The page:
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Page:Collier's New Encyclopedia v. 10.djvu/146

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military activities in Russia and Siberia. Russia had by this time not only withdrawn its help from the Allies, but under Bolshevist domination had adopted an attitude of sullen if not active hostility. Vast quantities of American stores that had accumulated at Vladivostok were imperiled, and it was determined that troops should be sent to protect them. This was the ostensible reason for the sending of the expedition, but there was another reason of much greater importance, based on political and military considerations. There was still a possibility that Russia might overthrow the hostile Bolshevist regime and establish a government that would once more range itself on the side of the Entente and rebuild the collapsed Russian front. Certain facts lent plausibility to this belief. A powerful body of Russian opinion was anxious to overturn the Lenine-Trotzky régime and form a constitutional government. In addition the Czechoslovaks had won decided military victories over the Bolshevist forces, and had revived hopes that that Government might be overthrown. The Czecho-Slovaks were prisoners who had been taken by the Russians in the early part of the war. They had been forced into the Austrian army, but they preferred captivity among the Russians to fighting under the hated flag of the Hapsburg monarchy. After the Russian debacle, these prisoners possessed themselves of arms, and fought their way across Russia and part of Siberia, with the intention of reaching Vladivostok and thence finding their way to the western front, to fight there in conjunction with the Allies (see Czecho-Slavovakia). They offered the nucleus of an army that might by Allied re-enforcements be made formidable, and therefore the Entente, in co-operation with America, decided to intervene. Early in August, 1918, American forces, under General William S. Graves and numbering about 10,000 men, arrived in Vladivostok. Japanese troops were sent about the same time, together with small British and French contingents. Even earlier than this, on July 15, a comparatively small detachment of Americans had landed with Allied troops at Murmansk, in the north of Russia. Desultory fighting, in no case rising above the dignity of outpost actions, followed the arrival of the troops. The story of the intervention is told elsewhere in detail (See Russia in the World War). It is sufficient here to say that the expeditions had no practical results. The forces at Archangel were withdrawn in 1919 and those at Vladivostok in 1920. It was simply a military adventure that had no practical bearing on the fortunes of war. The logic of events had decreed that the issue should be settled on the western front, and the Russian situation had ceased to be a factor in the struggle. The total casualties of the Americans in Siberia were 105; on the Archangel front 553.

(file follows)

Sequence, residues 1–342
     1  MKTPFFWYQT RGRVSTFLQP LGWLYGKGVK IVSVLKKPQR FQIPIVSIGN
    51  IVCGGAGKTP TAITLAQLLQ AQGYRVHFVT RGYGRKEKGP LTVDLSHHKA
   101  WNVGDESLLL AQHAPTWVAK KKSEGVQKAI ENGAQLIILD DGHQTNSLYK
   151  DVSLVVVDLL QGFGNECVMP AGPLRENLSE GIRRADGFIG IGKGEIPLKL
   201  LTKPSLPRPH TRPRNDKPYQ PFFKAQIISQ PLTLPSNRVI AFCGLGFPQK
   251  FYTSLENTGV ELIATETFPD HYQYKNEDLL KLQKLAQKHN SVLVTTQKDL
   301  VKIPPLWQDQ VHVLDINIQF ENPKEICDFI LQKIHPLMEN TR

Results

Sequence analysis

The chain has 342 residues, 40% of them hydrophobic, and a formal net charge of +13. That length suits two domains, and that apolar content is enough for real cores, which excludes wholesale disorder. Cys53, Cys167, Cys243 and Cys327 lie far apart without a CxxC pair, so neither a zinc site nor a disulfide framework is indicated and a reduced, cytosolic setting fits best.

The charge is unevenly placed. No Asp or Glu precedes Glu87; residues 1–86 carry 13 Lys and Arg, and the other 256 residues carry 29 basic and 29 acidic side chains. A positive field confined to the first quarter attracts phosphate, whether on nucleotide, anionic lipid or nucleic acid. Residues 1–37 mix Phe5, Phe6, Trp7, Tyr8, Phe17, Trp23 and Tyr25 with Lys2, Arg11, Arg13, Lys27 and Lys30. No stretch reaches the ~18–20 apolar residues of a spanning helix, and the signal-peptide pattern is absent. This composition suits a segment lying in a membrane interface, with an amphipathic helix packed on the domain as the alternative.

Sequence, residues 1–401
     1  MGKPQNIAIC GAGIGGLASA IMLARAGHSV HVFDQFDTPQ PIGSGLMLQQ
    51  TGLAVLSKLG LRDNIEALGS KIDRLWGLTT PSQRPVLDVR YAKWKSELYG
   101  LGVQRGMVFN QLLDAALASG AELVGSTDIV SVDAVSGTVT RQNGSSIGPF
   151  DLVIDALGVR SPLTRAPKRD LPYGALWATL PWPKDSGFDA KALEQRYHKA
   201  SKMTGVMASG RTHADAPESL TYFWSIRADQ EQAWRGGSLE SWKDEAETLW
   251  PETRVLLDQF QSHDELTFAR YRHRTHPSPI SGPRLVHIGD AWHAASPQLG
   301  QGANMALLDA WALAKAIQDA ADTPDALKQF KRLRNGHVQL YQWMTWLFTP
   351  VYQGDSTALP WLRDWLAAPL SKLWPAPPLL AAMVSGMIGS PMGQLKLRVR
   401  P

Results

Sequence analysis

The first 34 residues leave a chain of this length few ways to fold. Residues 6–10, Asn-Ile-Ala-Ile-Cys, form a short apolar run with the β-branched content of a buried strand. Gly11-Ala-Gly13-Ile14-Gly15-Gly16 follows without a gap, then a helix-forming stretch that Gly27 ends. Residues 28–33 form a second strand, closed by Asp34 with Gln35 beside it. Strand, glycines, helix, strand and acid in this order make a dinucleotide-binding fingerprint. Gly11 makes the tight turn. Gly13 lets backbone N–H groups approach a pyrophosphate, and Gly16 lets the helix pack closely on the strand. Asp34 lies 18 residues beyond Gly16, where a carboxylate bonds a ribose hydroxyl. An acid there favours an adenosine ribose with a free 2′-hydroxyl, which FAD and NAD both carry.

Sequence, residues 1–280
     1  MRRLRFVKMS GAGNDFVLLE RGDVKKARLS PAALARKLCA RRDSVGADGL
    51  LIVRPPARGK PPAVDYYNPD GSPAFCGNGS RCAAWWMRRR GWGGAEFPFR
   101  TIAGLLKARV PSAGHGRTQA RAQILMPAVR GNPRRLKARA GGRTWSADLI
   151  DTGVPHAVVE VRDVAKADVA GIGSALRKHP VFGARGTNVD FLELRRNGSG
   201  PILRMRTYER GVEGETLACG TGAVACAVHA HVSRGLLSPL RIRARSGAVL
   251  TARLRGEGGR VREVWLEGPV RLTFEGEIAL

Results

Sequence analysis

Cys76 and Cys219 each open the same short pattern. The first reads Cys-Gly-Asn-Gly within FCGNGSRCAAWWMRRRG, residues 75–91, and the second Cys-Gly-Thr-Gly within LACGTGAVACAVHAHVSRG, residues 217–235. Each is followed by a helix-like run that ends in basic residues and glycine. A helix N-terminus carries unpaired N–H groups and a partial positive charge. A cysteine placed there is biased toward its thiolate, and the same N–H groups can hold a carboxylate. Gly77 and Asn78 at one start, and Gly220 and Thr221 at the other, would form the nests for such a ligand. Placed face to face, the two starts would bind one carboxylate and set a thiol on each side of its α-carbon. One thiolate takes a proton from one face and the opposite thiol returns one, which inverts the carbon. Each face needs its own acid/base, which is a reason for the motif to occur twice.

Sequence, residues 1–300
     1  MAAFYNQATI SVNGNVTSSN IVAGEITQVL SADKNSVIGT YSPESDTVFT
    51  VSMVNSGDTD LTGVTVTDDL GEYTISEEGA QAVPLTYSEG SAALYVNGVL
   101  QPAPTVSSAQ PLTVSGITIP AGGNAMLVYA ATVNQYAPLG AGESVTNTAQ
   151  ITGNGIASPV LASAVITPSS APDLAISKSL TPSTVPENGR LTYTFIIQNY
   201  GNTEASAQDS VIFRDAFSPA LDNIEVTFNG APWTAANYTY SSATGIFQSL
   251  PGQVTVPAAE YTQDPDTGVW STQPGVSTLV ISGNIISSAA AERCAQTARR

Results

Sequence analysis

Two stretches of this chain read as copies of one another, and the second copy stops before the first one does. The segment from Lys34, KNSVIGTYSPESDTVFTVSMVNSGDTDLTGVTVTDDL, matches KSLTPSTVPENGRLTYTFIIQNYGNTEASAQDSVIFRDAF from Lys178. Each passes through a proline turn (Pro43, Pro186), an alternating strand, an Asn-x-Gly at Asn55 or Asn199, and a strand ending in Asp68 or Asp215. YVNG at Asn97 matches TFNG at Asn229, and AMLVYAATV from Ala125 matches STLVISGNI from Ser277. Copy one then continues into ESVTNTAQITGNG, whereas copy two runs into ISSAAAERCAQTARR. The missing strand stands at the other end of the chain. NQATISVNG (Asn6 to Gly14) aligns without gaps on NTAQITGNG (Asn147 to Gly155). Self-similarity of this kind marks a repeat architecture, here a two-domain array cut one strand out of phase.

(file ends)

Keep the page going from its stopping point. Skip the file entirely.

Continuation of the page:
The greatest battles in which the Americans were engaged were those of the Meuse-Argonne, in the fall of 1918. This epic struggle with its victorious outcome will ever be a glorious page in American history. The Argonne forest was the most formidable position that any troops had been called on to take in the entire course of the war. So formidable was it that Napoleon himself had refused to attack the enemy there, deeming the forest impregnable. It was densely wooded, and in places almost impenetrable. To these natural obstacles the Germans had brought all the aids known to military science. Thousands of miles of wire were stretched from bush to bush and tree to tree. Every foot of ground had been ranged for their heavy artillery. Machine-gun nests by the thousands were hidden in shell holes and behind rocks and tree trunks. Even many of the Allied commanders doubted if success were possible. The Americans, however, undertook the task, and carried it through to a successful conclusion. On Sept. 20, after intensive artillery fire that cut lanes through some of the wire entanglements, the American troops launched a vigorous attack that on the first day mastered the first line defenses. In the next two days, fighting against terrific resistance, they penetrated to a depth varying from three to seven miles, captured a dozen towns and took 10,000 prisoners. In successive days they improved their position and continued their advance in the face of almost insuperable obstacles. In the words of General Pershing in reporting the battle, the American troops “should have been unable to accomplish any progress, according to previously accepted standards, but I had every confidence in our aggressive tactics and the courage of our troops.” By the middle of October, the important town of Grandprè had been taken and the forest practically cleared.

After this, the fighting was easier, though much stiff battling remained to be done before the Americans reached their goal. The enemy's morale had weakened before the irresistible onslaught and the successive defeats inflicted on them. Huge naval guns had been brought up by the Americans—guns capable of carrying a half-ton projectile almost twenty miles—and with these a